Cerro El Ancla

Cerro El Ancla

Chile at 9p at night

The Hunt for Necessities

It is summertime here in Chile.  Which is strange as it is chilly to me, in Chile!  The sunrises before 0700 and sets after 1900 which makes for a long day of light.  As much as we wanted to, we could not sleep in.  We had a lot to discover and some necessities to find.

This photo was taken at sunset, just before 9:00pm.

Chile at 9p at night

Chile at 9p at night

First things first, we had to get Ron and Sally on a flight to Santiago where they could catch their connecting flights.  With no wifi we had to resort to using GoogleFi to book the flights.  After some trial and tribulations, we got them confirmed.

Our next goal was to walk around town in search of necessities: local sim cards, laundry service, port captain, bank-ATM, and markets.

Theo, from the marina, gave us the lay of the land and some directions.  We walked around a little on New Years Day, but everything was closed.  However, it was bustling with activity today.

The Necessities:

First order of business – find the port captain.  We had a “general” idea of where the port captain office was located, but we got a little turned around.  We finally stumbling upon their building after asking a few people.  Everyone was super nice and very efficient.  Luckily, we stopped at an ATM earlier to get pesos (local currency is about 650 pesos to $1).  We were able to pay 5600 pesos (or about $8.00) and were on our way within 20 minutes.  Easy peasy.

We stopped at Boraton Columbiano for some brunch.  Matt ordered a traditional Chilean chicken lunch which came with soup, rice, beans, salad, and a ¼ chicken. Poor thing struggled to eat it all.  The rest of us ordered a super yummy ham and cheese empenada.

Right down the road was an Entel office which was or is the best data provider in town.  We bought a sim card, topped it up and went on our way.  A little giddy at being “wired” again.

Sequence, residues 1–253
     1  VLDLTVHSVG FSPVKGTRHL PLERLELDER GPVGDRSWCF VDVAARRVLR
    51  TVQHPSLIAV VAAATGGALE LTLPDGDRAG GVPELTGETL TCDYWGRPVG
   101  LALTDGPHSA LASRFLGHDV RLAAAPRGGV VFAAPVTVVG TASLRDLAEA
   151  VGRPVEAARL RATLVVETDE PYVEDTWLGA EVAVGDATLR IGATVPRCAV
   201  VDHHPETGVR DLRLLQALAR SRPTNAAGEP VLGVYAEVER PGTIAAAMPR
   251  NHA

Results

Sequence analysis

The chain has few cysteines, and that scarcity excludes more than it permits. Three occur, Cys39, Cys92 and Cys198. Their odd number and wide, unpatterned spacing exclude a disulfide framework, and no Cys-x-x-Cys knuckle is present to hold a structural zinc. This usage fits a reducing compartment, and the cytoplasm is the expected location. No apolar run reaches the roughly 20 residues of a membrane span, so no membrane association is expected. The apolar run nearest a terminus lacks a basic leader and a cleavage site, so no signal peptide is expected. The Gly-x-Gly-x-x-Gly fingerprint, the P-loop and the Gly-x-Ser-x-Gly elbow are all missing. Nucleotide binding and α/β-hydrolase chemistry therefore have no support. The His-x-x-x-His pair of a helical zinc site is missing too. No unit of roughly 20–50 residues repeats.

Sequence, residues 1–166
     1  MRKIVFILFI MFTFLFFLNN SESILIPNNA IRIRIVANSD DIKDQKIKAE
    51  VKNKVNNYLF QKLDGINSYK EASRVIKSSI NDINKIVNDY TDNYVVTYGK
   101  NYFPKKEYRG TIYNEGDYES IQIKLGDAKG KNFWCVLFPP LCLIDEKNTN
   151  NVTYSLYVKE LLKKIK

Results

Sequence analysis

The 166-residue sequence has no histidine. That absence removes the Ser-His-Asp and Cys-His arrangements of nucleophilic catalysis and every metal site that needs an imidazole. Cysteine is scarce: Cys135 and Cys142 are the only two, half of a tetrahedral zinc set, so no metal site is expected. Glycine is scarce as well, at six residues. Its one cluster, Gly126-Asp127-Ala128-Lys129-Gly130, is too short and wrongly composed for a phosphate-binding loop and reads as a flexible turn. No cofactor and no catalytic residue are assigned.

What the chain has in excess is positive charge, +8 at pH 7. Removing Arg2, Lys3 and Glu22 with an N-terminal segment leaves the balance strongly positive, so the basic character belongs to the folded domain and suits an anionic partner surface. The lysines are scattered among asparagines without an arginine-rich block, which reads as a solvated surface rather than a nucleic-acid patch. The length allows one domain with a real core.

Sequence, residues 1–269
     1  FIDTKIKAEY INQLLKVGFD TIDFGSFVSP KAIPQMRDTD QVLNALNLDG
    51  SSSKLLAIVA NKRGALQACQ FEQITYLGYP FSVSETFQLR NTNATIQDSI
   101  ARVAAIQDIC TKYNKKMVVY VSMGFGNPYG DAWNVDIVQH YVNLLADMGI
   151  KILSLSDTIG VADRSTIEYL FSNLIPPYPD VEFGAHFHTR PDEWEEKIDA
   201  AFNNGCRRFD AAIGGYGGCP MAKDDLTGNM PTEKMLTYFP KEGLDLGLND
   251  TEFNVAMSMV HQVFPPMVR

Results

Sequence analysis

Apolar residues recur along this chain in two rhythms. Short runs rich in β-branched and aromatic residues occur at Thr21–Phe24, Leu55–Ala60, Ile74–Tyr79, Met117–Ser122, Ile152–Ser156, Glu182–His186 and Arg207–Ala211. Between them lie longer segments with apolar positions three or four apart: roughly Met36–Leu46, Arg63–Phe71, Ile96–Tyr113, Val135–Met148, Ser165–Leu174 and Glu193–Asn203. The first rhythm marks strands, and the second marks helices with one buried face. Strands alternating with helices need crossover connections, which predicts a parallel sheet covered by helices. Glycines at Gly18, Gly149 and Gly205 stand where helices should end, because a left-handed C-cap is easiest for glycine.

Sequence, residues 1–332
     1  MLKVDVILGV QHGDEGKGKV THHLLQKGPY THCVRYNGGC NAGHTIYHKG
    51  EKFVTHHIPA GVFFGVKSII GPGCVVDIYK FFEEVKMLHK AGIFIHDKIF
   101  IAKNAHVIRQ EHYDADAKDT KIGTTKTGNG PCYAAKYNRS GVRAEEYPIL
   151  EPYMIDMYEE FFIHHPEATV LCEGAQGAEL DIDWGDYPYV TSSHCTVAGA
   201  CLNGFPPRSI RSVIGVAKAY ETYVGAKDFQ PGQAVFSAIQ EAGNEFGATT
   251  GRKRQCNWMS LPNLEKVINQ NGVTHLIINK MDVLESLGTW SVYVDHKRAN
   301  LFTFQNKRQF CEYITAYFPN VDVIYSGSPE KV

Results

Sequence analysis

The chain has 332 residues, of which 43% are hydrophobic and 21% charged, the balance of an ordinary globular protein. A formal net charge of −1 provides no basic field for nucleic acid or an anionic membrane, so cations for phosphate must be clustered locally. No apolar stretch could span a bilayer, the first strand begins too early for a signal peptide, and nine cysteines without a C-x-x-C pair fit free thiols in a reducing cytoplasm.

We found one of the local fresh fish and veggie markets, right next to the marina.  It was a little different than other fish markets in that they had little eateries along with the fisherman vendors.  So, the smells did not make it a pleasant place to eat.  They had lots of unrecognizable fish and some we knew.  Lots of clams, squid, and red fish.  Check out the huge partial fish in the middle photo.

Fresh Meat Market Antofagasta

Fresh Meat Market Antofagasta

The lavandaria evaded us.  We asked several people who seemed to think they knew where one was, but we couldn’t find it.

SEA WOLVES – LOBOS

The lobos, or sea wolves of Chile are absolutely enormous.  It just cracks me up watching them swim, waddle, and jump up on the docks.  And they have this massive head of hair.  They really look like the mastiff of the sea.  They are well over 300-400lbs a piece and bark like they are in pain.

Los Lobos or Sea Wolves

Los Lobos or Sea Wolves

The next day we said “goodbye” to Ron and Sally.  They had to catch a flight to Santiago where they were each getting on connecting flights.  Ron was going to see a car rally in Peru and Sally was going to house sit for a friend in California.  Sure, was awesome to have their help on the passage, thanx guys!

Ron and Sally

Ron and Sally

The main square in town has a beautiful church and tower proudly flying the Chilean flag.

Antofagasta Town Square

Antofagasta Town Square

Diving Kicker Rock

DIVE TOUR: KICKER ROCK

We wanted to dive once before we left the Galapagos. So, we reserved a dive tour off of Kicker rock. Our friend Emily, at Islanders Galapagos organized a fun filled day for us. We hopped in a small boat with about 8 other guests and made our way to Tortuga Beach.

We passed by Kicker Rock on the way to Tortuga Beach and got a great photo op.

Kicker Rock in all her Glory

Kicker Rock in all her Glory

Tobago Beach Lava Hike: